Then, you have to do 3 plates and IT IS NIGH IMPOSSIBLE!!! Every play-though, Charmander sits back and innocently watches as his parents make absolute fools of themselves swinging their arms off trying to get these plates to all spin at once. It’s pretty much enough of a work out for the rest of the year. Search Google for “I Spy Spooky Mansion plate spinning”. It’s page after page of people asking on every possible answer forum how this is supposed to be done. Every single person who has ever had to play this game on their child’s behalf has had to plead to the internet gods for salvation. But there is none. Because this is a test of a parents’ endurance. No FAQ can get you out of this. You must spin all the plates to get to the Ghost Machine, the final main puzzle of the game that rewards you with a game of hide-and-seek with a friendly ghost before you’re allowed to exit the manor. And you must get to the Ghost Machine, because if your kid is making you play this game, then their whole life revolves around the completion of the Ghost Machine. Charmander has this game myth in his head that if you complete the Ghost Machine and find the ghost, you get to play as him. I hope he spreads that rumor some day.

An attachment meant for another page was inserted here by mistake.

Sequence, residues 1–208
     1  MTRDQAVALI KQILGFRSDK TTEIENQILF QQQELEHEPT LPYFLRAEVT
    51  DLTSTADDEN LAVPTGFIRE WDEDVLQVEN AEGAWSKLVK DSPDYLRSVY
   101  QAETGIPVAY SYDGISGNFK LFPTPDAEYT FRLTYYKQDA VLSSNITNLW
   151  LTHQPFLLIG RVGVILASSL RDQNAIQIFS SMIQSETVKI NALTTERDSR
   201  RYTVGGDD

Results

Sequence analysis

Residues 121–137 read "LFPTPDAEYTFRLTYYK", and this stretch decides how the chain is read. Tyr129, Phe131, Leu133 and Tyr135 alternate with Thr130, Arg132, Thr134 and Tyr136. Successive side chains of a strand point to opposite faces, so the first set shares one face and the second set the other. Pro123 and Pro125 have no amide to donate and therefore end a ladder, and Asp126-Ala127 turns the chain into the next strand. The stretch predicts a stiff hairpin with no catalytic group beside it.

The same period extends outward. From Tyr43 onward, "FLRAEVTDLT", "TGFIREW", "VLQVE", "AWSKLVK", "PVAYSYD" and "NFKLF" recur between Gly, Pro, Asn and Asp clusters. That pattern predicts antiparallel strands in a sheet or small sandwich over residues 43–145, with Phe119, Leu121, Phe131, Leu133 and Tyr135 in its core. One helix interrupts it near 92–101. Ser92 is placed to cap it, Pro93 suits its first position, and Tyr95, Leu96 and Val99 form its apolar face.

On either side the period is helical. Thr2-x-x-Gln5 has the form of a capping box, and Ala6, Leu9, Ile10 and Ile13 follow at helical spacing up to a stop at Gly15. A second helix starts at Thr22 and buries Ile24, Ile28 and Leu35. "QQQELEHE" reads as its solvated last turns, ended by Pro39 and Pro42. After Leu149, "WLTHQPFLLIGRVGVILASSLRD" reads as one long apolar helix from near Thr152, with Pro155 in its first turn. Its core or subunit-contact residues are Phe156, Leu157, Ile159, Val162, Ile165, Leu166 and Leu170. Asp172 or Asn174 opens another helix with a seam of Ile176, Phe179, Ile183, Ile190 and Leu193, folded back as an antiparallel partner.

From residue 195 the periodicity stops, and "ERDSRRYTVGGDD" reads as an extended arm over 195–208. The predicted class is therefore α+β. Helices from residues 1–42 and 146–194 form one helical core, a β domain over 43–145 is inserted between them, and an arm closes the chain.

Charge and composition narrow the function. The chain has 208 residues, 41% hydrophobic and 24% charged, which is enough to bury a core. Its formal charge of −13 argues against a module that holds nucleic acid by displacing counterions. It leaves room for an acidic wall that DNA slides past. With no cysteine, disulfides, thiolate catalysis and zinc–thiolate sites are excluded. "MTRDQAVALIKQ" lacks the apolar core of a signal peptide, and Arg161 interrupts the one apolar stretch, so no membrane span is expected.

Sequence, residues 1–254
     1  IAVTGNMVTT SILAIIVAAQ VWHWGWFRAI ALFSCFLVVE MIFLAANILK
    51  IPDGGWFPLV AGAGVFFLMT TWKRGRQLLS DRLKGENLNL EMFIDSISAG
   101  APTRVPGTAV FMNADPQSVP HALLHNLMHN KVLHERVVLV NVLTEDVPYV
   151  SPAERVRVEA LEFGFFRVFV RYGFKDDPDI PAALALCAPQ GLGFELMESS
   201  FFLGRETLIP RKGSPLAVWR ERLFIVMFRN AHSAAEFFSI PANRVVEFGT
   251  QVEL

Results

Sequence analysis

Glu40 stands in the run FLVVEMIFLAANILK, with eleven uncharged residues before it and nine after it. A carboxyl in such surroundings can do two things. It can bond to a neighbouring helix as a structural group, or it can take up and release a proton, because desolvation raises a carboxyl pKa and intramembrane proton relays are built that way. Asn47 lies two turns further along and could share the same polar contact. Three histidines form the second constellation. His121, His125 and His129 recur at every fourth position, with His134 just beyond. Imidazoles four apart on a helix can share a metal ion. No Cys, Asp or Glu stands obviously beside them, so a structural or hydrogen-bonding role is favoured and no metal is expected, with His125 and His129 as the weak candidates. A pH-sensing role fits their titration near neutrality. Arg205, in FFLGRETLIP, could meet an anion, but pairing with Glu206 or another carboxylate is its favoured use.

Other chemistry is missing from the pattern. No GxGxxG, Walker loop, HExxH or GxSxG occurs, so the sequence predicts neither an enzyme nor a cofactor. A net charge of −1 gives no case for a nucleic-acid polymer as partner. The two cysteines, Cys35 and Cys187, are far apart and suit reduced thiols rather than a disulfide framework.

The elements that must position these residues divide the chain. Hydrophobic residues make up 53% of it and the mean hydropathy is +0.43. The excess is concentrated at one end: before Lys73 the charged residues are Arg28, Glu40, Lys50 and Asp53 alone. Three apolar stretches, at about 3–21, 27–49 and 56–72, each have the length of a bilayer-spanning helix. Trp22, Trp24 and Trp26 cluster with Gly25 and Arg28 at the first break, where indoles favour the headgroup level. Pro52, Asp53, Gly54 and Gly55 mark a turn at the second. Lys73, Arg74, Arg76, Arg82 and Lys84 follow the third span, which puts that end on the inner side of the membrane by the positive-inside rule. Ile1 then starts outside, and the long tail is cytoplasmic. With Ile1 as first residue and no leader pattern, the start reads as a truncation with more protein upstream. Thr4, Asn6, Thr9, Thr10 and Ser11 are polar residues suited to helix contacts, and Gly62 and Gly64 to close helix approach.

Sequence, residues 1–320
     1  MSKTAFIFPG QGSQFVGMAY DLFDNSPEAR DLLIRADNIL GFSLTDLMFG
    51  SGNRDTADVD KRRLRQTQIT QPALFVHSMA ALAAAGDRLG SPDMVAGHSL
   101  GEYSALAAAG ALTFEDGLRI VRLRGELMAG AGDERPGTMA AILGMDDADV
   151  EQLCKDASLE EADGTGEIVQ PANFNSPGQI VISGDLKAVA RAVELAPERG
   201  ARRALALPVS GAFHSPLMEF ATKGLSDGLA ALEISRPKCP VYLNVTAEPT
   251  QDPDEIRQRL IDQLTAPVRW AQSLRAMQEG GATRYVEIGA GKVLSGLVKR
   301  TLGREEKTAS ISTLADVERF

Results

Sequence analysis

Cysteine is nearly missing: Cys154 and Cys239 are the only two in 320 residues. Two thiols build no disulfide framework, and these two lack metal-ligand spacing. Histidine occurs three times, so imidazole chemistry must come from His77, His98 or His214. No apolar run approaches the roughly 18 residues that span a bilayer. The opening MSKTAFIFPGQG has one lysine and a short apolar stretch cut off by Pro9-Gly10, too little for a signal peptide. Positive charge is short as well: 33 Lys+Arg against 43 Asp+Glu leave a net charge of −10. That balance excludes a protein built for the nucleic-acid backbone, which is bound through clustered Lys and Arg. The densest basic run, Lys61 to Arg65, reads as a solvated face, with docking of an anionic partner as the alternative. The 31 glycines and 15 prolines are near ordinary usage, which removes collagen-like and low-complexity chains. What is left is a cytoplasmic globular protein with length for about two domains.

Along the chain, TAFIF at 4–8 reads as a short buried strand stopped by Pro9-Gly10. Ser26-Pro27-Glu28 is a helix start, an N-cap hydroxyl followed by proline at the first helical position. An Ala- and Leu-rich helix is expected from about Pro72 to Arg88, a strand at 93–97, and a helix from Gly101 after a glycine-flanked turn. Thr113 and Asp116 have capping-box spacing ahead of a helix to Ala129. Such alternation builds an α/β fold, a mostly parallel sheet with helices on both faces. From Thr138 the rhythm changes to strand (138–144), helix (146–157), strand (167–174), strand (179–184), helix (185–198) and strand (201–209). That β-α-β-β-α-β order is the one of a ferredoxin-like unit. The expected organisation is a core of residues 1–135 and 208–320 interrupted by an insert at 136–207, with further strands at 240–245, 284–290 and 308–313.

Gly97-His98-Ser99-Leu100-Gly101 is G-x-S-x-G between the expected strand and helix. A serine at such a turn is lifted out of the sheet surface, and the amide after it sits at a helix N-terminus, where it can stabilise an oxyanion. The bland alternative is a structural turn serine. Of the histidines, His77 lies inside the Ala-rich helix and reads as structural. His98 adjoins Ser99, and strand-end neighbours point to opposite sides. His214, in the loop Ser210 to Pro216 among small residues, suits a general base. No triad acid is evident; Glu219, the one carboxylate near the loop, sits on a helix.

For now, the plates have been spun, and the Ghost Machine completed. And tonight, the game has begun anew. It’s very likely that he’ll forget about playing the game after a few puzzles, and go back to other night time Screen Time events. But he always comes back.
The plates will have to spin again.
This playthrough, he is totally doing it all by himself. For real. I hope. *Sigh*.